Social has never performed as well as search for advertisers. That looks like it could be about to change, because Facebook’s new News Feed ads are absolutely killing it.
And the metrics are, frankly, mind-blowing.
According to a new one billion-impression ad study by retargeting giant AdRoll, news feeds ads have a massive 21 times higher clickthrough rates than standard web retargeting ads and an incredible 49 times the clickthrough rate of Facebook’s right-hand side ads.
“A year ago we were having the discussion that Facebook doesn’t work, and GM is pulling its ads,” AdRoll president Adam Berke told me this morning. “Now we’re having the conversation on whether this rivals Google!”
News Feed ads sit, as the name suggests, right within the flow of the feed of social news that Facebook users come to the site for. Sold via Facebook Ad Exchange, the ad units enable brands to target consumers who have previously visited their sites — hence “retargeting” — which enables advertisers to merge the intent graph (what people want) with a social site (Facebook). They’re larger than Facebook’s right-hand-side ads, and they’re qualitatively different in very significant way.
Also see: How Facebook went from sucking at mobile to killing at mobile in 12 short months
“Facebook hit on a winning combination from a direct response perspective by fusing two things,” Berke says. “They combined the power of programmatic advertising with Facebook’s own secret sauce — this native environment which is very engaging.”
In other words, even though News Feed ads are sold programmatically via the Facebook Ad Exchange, they’re also social entities. News Feed ads are likeable, shareable, and commentable, and as such, they’re embedded into the fabric of what makes Facebook Facebook in a way that no other ads are. They benefit from viral effects, which means great ads will get great earned reach as well as paid, and they fit into the news feed in a very natural way.
Plus, Facebook only sells one of them per user per day.
The combination of all that adds up to crazy metrics that you just don’t see in today’s highly competitive advertising landscape. While AdWords advertisers scrape and claw for a percentage increase here and a fraction better there, News Feed ads are providing almost 50 times the clicks per ad compared to Facebook’s right-hand side ads and 21 times the clicks of standard web retargeting ads. That translates to massively lower costs: 79 percent lower cost-per-click compared to web retargeted ads, and 54 percent less cost than Facebook’s right-hand ads.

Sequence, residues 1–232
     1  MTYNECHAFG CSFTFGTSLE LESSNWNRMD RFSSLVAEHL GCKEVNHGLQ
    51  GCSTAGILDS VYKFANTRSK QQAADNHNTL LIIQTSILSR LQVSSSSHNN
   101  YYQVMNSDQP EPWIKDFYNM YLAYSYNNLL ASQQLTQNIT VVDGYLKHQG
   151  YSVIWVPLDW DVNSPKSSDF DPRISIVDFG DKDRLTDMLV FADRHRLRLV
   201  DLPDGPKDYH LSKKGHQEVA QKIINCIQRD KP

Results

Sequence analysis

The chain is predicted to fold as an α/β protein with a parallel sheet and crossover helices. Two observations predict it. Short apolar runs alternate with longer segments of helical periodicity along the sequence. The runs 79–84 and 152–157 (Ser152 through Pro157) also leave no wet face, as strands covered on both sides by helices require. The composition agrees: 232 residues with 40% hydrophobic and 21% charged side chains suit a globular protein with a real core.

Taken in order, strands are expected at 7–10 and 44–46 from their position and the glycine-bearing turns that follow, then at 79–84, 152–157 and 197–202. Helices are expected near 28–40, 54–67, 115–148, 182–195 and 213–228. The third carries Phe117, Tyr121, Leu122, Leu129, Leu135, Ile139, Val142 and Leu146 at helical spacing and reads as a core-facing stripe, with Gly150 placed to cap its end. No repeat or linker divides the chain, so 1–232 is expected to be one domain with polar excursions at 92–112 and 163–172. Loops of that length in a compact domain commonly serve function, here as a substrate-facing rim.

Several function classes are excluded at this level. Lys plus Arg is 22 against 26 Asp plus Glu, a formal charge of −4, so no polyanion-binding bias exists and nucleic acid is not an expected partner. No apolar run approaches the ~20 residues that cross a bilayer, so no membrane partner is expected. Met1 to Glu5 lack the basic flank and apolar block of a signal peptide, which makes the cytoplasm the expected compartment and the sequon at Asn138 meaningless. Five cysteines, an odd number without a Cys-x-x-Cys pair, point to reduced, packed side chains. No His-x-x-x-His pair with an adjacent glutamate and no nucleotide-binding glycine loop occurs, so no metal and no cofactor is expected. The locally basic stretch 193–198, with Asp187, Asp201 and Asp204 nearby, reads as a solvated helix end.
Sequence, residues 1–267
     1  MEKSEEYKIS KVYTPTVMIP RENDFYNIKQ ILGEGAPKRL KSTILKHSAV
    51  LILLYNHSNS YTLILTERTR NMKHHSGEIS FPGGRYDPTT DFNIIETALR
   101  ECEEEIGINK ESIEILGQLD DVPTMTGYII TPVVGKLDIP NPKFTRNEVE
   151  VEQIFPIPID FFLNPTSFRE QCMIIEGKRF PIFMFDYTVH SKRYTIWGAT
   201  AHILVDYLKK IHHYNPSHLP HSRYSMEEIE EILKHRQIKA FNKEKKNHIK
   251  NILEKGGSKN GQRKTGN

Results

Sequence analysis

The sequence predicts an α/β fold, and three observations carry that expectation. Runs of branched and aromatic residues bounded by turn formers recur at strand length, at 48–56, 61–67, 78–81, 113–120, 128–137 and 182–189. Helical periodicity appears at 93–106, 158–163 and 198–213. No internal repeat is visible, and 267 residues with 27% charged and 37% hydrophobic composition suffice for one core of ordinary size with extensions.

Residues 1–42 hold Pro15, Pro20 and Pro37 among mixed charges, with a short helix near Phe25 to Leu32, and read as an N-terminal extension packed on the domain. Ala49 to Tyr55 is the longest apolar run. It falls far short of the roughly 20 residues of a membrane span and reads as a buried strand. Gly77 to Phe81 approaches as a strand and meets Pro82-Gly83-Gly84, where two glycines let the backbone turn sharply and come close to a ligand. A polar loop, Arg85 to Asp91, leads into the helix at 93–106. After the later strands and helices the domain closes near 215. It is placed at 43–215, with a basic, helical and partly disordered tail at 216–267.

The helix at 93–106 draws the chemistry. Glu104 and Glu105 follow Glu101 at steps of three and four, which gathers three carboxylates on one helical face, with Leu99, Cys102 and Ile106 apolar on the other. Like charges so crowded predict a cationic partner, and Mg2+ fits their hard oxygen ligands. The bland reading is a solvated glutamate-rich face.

That’s important, because Facebook needs to compete with other advertising channels such as search and e-mail that have resulted in higher-value customers in the past.
While the clicks are so high that conversions are slightly down, overall that translates into 77 percent lower cost-per-action compared to web retargeted ads and 45 percent lower cost than other Facebook ads. That’s pretty impressive data. But it’s what AdRoll was seeing right from the beginning in April when Facebook launched the new ad unit.
“It didn’t blow our mind because we had anecdotal feedback from advertisers about how they were performing,” Berke told me. “From day one our clients were telling us it was working.”
As tempting as it is, the comparison to Google might be a little unfair, however. As Berke says, News Feed doesn’t have the scale of AdWords, and advertisers will still need to use multiple advertising methods to achieve the kind of reach they need. And if Facebook was tempted to increase the number of News Feed ads, the likelihood is that their effectiveness would diminish.
But by merging programmatic buying and social signals, Facebook has created a categorically new advertising world.
“It’s the first time we’ve seen those two big trends come together,” Berke told me. “And the fact that they came together in a very symbiotic way is really exciting.”
Now we know why Facebook put ads in the news feed. And now we have a clue how Facebook is going to monetize its massive web and mobile audience at something at least approaching Google-like levels.